America's Implosion?

No empire lasts forever.

It is our terror in this Trumpian age, where insanity and governance has mightily converged - the heat from the Mueller investigation, the political showdown in the Kavanaugh confirmation hearings, and the battles between the red states and blue states - that the sun is setting on our beloved empire.

However, the idea that this adolescent nation called America is going to be the world’s superpower forever and forever amen, is ludicrous.

Every great civilization begins with some sort of commonality between peoples, and operate out of a sense of duty ethics, which essentially means that one should act universally. Therefore, for example, if one person steals, then everyone should be allowed to steal. So, we should all refrain from stealing.

Then those who come into state power begin to distance themselves from this sense of duty ethics, begin to take on the practice of ethical egoism – operating in one’s self-interest. This within itself is not bad. We all put our own interests first, otherwise we could not survive. How can I help anyone else if I don’t help myself first?

However, as power accumulates, this principle amplifies, becomes more voluminous, to the degree to which it replaces all other practice of ethics. Those in power exhibiting such behavior can completely justify it not only by their narrative of intentionality, but the outcomes are spun like media hyper drugs.

History has demonstrated that as civilizations grow, the gulf of ethics widens to dynamic proportions, much like we have now. Campaign finance reform results in more money in politics. A war on drugs results in a higher flow of drugs, and more devastation to communities. Progress means more of the same: more clearing of land for development; more privitization of natural resources; more production of goods made at sweat shops; and more advanced technology, the byproduct of which is more division, silos, and isolation.

It is natural for all great nations, all great superpowers, to grow to the point of massive strength and might, all for it to eventually implode, and the ensuing society being shrunk down to a much more manageable and humble size. Egypt, Turkey, Greece, Italy, England, France, Spain, Portugal, are all examples of this.

What makes us believe that we are exempt from such an implosion? Our lacking in a sense of history, geographical isolation, the enormous magnitude of our power, and the stark reality that there has never been, and will never be a nation like us.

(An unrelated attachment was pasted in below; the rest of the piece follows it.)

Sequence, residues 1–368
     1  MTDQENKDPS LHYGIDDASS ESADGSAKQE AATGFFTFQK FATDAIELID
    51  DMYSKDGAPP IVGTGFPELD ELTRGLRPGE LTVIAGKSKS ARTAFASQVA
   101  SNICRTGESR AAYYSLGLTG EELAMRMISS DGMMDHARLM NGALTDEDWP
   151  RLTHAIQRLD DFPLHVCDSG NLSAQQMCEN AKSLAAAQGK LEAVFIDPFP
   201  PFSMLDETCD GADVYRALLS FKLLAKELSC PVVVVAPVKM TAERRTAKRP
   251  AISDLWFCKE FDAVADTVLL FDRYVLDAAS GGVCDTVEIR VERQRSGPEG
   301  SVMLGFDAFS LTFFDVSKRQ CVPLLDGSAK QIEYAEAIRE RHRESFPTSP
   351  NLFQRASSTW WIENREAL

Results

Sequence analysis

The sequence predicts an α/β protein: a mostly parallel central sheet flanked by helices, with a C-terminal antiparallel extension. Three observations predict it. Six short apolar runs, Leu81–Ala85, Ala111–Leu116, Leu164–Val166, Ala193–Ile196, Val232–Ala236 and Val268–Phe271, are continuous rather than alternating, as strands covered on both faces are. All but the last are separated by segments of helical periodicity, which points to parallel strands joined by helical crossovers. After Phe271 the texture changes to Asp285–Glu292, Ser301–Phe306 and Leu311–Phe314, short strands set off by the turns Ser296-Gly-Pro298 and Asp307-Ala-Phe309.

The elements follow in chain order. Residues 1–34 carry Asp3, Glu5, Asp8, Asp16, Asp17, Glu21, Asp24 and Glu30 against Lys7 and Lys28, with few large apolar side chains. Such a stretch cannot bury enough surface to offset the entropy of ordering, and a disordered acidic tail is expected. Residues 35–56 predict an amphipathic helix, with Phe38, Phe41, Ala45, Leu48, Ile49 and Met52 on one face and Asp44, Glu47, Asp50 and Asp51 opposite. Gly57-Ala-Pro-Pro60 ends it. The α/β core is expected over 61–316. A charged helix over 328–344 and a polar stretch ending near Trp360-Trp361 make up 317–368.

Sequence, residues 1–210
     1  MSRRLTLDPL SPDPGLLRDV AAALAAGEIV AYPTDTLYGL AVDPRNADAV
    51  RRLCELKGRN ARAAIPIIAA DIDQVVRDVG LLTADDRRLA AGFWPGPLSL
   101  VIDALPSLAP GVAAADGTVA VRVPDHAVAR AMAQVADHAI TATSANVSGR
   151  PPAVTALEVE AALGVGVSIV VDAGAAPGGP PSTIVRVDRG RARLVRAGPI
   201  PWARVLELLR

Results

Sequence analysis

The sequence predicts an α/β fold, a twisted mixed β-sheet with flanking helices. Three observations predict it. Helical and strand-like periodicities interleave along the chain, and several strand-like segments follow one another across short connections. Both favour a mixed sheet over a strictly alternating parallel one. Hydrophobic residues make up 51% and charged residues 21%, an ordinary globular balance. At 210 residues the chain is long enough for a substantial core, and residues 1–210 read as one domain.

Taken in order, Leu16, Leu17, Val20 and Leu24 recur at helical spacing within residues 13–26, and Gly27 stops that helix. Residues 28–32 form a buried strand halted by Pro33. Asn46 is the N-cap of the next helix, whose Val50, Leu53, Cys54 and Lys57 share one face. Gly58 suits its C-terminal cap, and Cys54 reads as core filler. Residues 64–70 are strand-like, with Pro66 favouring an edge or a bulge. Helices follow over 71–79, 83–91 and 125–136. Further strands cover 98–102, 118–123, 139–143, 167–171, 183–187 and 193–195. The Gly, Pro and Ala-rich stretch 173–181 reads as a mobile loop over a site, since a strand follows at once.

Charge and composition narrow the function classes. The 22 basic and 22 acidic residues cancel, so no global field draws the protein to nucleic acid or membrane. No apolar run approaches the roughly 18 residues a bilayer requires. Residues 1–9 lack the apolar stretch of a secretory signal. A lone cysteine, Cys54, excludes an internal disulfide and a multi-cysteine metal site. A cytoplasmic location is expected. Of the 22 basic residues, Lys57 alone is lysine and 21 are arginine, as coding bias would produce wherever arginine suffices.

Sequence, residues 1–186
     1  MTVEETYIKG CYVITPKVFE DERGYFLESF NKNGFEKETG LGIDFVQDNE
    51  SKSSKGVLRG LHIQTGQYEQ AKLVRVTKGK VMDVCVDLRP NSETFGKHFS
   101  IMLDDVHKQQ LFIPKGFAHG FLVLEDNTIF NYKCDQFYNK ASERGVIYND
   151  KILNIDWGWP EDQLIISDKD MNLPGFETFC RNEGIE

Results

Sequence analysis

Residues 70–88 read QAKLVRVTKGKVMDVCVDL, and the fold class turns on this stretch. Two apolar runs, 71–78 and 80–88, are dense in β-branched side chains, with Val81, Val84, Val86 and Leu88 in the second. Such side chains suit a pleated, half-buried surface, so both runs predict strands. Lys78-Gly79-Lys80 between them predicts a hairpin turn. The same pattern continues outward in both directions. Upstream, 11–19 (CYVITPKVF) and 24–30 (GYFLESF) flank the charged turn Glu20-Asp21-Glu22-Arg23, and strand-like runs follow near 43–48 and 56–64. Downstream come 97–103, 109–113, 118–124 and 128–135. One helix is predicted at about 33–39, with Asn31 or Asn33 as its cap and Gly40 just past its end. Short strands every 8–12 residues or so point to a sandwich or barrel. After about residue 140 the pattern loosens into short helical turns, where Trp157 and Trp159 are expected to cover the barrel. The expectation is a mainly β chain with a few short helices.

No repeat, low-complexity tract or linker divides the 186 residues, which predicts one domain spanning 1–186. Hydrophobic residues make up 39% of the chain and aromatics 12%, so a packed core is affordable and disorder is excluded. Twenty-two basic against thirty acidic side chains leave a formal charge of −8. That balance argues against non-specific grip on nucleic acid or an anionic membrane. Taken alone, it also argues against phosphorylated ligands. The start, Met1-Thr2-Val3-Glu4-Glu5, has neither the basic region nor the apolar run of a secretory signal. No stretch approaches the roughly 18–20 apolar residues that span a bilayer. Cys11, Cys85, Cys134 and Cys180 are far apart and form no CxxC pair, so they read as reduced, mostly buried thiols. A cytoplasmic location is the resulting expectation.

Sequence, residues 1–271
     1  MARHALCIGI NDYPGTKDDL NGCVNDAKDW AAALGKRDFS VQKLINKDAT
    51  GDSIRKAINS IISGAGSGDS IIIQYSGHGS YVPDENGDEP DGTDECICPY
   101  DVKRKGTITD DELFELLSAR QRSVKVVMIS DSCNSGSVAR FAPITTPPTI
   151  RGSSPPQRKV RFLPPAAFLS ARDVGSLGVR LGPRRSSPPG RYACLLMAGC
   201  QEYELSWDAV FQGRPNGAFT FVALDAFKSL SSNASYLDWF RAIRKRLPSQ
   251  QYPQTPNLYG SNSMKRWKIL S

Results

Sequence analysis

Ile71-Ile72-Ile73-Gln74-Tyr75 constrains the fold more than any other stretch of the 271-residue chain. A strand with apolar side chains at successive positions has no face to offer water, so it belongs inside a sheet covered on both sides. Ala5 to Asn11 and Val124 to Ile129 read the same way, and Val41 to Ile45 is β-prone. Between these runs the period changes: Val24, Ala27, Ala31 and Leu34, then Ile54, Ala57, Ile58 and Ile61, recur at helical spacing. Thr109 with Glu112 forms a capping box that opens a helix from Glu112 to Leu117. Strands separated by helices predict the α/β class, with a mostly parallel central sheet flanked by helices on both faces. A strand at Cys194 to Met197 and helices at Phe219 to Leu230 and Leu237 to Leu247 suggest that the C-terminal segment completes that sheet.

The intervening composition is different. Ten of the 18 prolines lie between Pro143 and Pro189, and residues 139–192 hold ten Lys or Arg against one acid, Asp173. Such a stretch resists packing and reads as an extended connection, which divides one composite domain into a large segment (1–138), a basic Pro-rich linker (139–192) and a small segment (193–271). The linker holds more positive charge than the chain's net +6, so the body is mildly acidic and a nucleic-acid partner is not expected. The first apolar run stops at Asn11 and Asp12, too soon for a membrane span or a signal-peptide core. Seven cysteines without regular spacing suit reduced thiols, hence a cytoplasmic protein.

We have no crystal ball, so we don’t know how many more empires will rise and fall in the future. We have all the signs of ours coming to an end, though. We are closing our trade, we are polarizing each other, we spend an extraordinary amount on policing the world while our infrastructure is crumbling, and our sports are becoming more brutal.

Many people are terrified by this administration, and what may come in the next few years. Some believe it is a long line of dominoes that has been falling for the last few generations. I believe what scares several citizens the most is the possibility that we will eventually not be perceived as being numero uno (we already detest bilingual signs). To them it would be like an invasion of extraterrestrials, forcing us to succumb to their will, to be experimented on and disposed as we become extinct.

Of course some speculate that the Russians and/or the Chinese will take us over, and we will be forced to speak Russian and/or Mandarin, and our entire way of life will be destroyed, as we march single file in front of a dictator with images of iron fists screen printed on red flags draped across state buildings.

The range of conspiracy theories notwithstanding, the dystopia that we believe we are experiencing is a product of human history. No matter how sophisticated we believe we have become over the last hundreds of thousands of years, we will always play King of the Hill.

We believed that W. was the worst president in our history, and then came Trump. Just like in 2000, we believed 2016 was the beginning of the end of our civilization. Since we are still finite beings, and we have no tools to predict the future, what we can do is work to make the present the best it can be, and let the future worry about itself.

And not just feel a sense of duty ethics toward each other, but practice it.

 

 

 

Ron Kipling Williams